calinetmagejbdragonbrakkenwatto_cobra
  • Reply 5 of 40
    1st said:
    1st issue was concluded as dimensional - too large battery for the unit... wondering how could that happen? tolerance issue?  look like silly to not even have extra space for battery - not mention design margin for risk tolerance... something fishy...

    Not quite. I'm sure all the "experts" are taking that to mean they were right, but Samsung clearly stated the battery casing couldn't properly contain the internal cell. That's NOT the same as saying the battery doesn't fit inside the compartment of the phone.

    If you compare the pics you'll see the second battery didn't have the same curve on the battery casing which is what caused the plates of the cell to deflect. There was also a second problem with the first battery where the electrode didn't terminate in the correct location.
    1stnetmagewatto_cobra
  • Reply 6 of 40
    radarthekatradarthekat Posts: 3,867moderator
    Court system, meet karma, the ultimate arbiter.  
    andrewj5790pscooter63mejsriccaliwatto_cobra
  • Reply 7 of 40
    boredumbboredumb Posts: 1,418member
    So...Samsung's innovative technologies can incinerate both phones and cash...
    caliwatto_cobra
  • Reply 8 of 40
    jungmarkjungmark Posts: 6,926member
    This is obviously bad news for Apple.

    you see, if Apple had a battery issue with an iPhone model, it'll cost significantly more than $5b. This terrible for Apple. 
    /s

    pscooter63caliStrangeDaysbrakkenwatto_cobra
  • Reply 9 of 40
    dewmedewme Posts: 5,492member
    Gotta give them credit for bringing independent test agencies like UL and TUV to assess the cause of the specific failure. However, they should also follow through with these same agencies to ensure that their development, testing, and safety/risk assessment processes they have in place meet industry acceptable standards so similar issues that put customers and the general public at great risk do not crop up again in the future.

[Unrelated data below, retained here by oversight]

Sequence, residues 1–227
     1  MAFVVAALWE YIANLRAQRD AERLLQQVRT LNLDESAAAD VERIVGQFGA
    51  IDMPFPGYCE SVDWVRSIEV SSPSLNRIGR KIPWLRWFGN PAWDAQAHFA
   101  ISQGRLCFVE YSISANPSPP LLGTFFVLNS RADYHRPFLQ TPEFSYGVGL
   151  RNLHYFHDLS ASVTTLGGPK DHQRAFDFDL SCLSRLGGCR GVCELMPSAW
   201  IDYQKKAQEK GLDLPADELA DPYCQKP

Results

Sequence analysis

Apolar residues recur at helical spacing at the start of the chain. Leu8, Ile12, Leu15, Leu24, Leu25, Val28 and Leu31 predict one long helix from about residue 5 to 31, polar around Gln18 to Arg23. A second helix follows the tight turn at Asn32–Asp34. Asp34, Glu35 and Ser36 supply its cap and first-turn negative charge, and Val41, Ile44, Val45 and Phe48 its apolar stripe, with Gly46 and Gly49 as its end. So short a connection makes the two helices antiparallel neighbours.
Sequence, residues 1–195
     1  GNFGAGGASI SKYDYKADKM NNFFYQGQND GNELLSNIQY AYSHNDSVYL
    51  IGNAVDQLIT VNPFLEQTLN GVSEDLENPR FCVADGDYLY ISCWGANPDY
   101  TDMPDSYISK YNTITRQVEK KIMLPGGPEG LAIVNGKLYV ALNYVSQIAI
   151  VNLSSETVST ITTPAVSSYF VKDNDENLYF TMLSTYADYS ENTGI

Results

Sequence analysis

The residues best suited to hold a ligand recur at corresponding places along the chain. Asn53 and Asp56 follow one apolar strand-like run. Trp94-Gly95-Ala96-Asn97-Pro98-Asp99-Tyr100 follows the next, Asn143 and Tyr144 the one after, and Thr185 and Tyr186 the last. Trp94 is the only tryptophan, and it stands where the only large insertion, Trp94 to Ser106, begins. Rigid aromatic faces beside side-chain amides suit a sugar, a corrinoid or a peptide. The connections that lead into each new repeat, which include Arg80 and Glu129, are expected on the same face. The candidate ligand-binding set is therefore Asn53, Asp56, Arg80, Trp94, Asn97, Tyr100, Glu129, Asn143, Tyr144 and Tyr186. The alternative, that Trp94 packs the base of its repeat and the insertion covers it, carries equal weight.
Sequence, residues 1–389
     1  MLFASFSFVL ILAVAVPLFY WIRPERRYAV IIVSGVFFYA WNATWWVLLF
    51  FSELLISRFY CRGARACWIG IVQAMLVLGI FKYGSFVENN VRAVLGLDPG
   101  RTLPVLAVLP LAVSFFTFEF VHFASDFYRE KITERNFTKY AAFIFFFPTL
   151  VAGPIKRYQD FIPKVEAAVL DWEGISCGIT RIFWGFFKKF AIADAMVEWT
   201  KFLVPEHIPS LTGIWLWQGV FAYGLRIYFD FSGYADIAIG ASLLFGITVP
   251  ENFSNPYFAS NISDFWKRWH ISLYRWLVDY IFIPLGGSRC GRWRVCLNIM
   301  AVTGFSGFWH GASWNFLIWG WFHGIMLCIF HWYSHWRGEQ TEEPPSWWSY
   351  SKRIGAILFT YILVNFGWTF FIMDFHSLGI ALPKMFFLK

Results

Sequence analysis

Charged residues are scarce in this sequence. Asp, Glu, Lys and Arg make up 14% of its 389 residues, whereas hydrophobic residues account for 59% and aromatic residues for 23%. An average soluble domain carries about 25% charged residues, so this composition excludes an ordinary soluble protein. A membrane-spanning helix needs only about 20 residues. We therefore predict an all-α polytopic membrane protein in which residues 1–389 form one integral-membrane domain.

singularity
  • Reply 10 of 40
    I wonder if they'll re-release the Note7 at a lower price point while selling the Note8 as the latest and greatest. They still sell the Note5 so it's been done.
  • Reply 11 of 40
    sennensennen Posts: 1,472member
    "At a press conference on Monday, Samsung officials said exhaustive tests on tens of thousands of devices and batteries had ruled out any problems with the device’s hardware or software."
    https://www.theguardian.com/technology/2017/jan/23/samsung-blames-faulty-batteries-for-causing-galaxy-note-7-fires

    Hmm. The battery is not part of the device's hardware?
    watto_cobra
  • Reply 12 of 40
    john.bjohn.b Posts: 2,742member
    Translation: They replaced the rushed initial release with another rushed release and in the process turned their brand into a punchline.

    All to get to market ahead of the iPhone 7...
    caliradarthekatwatto_cobra
  • Reply 13 of 40
    foggyhill said:
    cali said:
    Lol! Awesome! I love seeing karma slap thieves in the face!

    "Over $5 billion"
    Since Samsung likes to under exagerate their bad numbers(and over exaggerate good) I see this being even higher. $6 billion?
    If you count future earnings and loss of reputation, the loss is likely more like $10B, so it's a massive clusterfuck.

    I don't know. People tend to forget pretty soon, or be pretty forgiving. If Samsung foregoes the "Note" brand and names the devices something else, I'd be very surprised.


    I don't think they'll sell any less than what they did with the Note 7 before they started exploding. Samsung may have a snazzy ad campaign and could possibly bait a lot of people again.


    Tech-savvy Android users may have shifted to the Pixel, but that's about it.

    edited January 2017